I’m not going to spill Viggo’s secrets here, tovarisches, although you can probably guess he’s not one to just up and off a baby when called upon to do so. (Also, if this sounds a bit like Dirty Pretty Things, it may be because the films share a screenwriter.) Nonetheless, most of the buzz surrounding Eastern Promises justifiably centers on a fight scene in the middle going, when Viggo, naked as the day he was born, is confronted by two mobsters who don’t have his best interests at heart. It’s hard to say whether this gory steam room fracas is better than the splendid hand-to-hand duel in The Bourne Ultimatum, but it’s up there. If that deft, practiced, lightning-quick Bourne melee was a stiletto, this brutal scene packs the visceral, bone-crushing crunch of a mace. It’s also extremely hard to watch, and not because of Mortensen’s dangly bits — let’s just say David Cronenberg and sharp objects are involved. (Call me a lover, not a fighter, but when it comes to this director pushing the envelope of the R-rating, I prefer History‘s sex scenes with Maria Bello to nude, bloody Viggo plunging knives into people’s soft parts. But, to each his own.)

Promises, Wonders, Jokes.

Several trailers of note over the past week: Aragorn continues his History of Violence and returns to the unsettling world of Cronenberg in the new trailer for Eastern Promises, also with Naomi Watts, Vincent Cassel, and Armin Mueller-Stahl. Shopgirl Natalie Portman looks adorable facing up against stiff-suit Jason Bateman in the otherwise cloying trailer for Mr. Magorium’s Wonder Emporium, also with Dustin Hoffman as Willy Wonka, uh, Magorium. Nicole Kidman tries to stop her sister (Jennifer Jason-Leigh) from marrying Jack Black in this look at Noah Baumbach’s Margot at the Wedding. (Not usually my bag, and Jason-Leigh can be a huge red flag, but Baumbach has earned a look after Squid & the Whale.) A bit-player in the Russian mob and a recent emigre to Liberty City (you) tries to move up the ranks of his organization in two new trailers for Rockstar’s eagerly-awaited Grand Theft Auto IV. (I may have to break down and get a 360, just for this game.) And, finally, a Kramerfied, really poor quality version of may very well be the teaser for Chris Nolan’s The Dark Knight has emerged online. (I’ll reserve judgment until a higher quality version emerges, but for now I like the laugh.)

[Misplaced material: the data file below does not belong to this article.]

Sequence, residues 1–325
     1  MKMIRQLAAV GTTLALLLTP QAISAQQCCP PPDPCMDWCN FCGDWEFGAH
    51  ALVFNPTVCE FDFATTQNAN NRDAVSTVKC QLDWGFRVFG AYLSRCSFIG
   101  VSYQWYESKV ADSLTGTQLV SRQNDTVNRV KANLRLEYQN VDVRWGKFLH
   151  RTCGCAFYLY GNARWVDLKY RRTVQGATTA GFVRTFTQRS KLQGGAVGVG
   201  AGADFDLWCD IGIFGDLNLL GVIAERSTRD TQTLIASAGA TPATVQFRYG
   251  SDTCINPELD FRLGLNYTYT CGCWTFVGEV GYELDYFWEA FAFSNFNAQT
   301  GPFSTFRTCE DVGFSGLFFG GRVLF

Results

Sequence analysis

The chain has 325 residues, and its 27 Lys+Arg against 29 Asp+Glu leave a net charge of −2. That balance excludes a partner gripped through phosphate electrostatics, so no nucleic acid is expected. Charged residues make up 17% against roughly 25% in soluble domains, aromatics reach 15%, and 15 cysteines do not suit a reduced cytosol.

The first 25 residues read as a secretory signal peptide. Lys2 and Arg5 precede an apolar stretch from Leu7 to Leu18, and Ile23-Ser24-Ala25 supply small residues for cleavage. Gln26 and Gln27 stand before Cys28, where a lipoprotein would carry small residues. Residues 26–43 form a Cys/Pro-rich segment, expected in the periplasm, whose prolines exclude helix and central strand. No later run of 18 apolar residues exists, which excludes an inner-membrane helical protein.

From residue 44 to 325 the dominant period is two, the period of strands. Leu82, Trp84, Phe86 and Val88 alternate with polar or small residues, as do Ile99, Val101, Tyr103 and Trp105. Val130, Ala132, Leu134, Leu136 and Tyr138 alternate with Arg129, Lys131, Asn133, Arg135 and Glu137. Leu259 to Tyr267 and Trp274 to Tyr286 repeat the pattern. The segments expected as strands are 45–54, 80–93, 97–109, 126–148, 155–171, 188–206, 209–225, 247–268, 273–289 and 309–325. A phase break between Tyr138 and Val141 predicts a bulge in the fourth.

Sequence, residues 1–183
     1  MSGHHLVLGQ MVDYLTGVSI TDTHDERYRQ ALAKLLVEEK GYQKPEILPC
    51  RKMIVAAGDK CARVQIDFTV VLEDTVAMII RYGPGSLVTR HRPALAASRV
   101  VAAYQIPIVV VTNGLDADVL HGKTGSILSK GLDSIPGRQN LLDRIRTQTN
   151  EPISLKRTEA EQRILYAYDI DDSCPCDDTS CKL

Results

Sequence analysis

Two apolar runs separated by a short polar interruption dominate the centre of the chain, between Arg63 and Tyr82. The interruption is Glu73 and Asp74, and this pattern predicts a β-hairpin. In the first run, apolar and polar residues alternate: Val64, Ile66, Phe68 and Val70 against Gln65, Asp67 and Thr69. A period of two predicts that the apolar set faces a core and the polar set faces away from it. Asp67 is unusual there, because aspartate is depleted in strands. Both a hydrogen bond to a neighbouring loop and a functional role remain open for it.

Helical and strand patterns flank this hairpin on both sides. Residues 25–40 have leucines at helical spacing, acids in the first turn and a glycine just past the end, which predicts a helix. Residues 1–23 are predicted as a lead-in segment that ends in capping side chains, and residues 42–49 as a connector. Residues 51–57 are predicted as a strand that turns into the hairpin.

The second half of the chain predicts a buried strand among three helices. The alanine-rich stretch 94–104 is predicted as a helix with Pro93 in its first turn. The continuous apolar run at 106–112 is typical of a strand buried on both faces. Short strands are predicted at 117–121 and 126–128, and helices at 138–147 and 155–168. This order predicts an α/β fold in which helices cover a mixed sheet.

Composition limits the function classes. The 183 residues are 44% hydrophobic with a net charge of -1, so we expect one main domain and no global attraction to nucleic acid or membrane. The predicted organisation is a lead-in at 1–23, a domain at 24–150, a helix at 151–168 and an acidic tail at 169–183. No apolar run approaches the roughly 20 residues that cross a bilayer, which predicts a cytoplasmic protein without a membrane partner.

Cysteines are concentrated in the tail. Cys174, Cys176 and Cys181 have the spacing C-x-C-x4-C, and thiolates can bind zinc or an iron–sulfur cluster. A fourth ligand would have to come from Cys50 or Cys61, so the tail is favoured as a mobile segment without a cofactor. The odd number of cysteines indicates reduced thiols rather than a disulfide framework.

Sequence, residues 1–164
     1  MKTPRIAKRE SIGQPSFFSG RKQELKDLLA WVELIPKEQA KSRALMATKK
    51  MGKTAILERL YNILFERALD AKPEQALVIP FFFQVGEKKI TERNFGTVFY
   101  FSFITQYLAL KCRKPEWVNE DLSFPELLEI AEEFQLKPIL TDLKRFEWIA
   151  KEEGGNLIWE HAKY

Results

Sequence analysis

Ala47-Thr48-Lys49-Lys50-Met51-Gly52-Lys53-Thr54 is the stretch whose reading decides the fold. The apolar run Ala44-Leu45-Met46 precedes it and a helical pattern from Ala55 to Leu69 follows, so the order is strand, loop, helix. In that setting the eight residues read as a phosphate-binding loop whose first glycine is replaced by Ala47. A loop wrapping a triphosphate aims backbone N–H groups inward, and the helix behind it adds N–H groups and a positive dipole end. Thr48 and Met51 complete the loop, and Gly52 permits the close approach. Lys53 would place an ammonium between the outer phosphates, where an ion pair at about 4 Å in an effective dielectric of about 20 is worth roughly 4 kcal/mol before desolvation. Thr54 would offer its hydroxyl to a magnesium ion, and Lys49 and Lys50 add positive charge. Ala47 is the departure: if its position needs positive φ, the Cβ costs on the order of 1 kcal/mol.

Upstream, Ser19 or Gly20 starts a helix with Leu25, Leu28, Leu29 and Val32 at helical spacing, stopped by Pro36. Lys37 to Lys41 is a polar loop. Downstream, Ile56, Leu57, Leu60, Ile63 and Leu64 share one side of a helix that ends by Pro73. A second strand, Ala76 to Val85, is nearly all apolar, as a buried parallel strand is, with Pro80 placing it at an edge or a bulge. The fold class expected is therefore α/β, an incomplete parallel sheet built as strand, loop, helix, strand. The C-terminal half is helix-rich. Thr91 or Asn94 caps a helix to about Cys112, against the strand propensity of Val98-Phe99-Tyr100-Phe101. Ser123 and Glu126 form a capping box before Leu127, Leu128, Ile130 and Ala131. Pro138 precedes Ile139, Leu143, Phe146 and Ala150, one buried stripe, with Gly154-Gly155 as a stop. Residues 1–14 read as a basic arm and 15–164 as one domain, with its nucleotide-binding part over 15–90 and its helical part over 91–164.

Ocean’s Hoo-ah / Shadow in the East.

In casting news, Al Pacino joins Ellen Barkin and the usual suspects in Stephen Soderbergh’s Ocean’s Thirteen, where he’ll play “Willie Banks, the owner of a high-profile casino and hotel in Las Vegas.” And, fresh from A History of Violence, Viggo Mortensen re-ups with David Cronenberg for Eastern Promises, a project penned by Dirty Pretty Things‘ Steve Knight.